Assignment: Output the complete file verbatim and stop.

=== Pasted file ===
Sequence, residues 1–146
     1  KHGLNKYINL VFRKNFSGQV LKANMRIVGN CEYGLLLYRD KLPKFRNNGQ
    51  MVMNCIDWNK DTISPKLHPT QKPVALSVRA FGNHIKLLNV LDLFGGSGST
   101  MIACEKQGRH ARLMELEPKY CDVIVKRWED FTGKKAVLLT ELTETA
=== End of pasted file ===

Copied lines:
Sequence, residues 1–146
     1  KHGLNKYINL VFRKNFSGQV LKANMRIVGN CEYGLLLYRD KLPKFRNNGQ
    51  MVMNCIDWNK DTISPKLHPT QKPVALSVRA FGNHIKLLNV LDLFGGSGST
   101  MIACEKQGRH ARLMELEPKY CDVIVKRWED FTGKKAVLLT ELTETA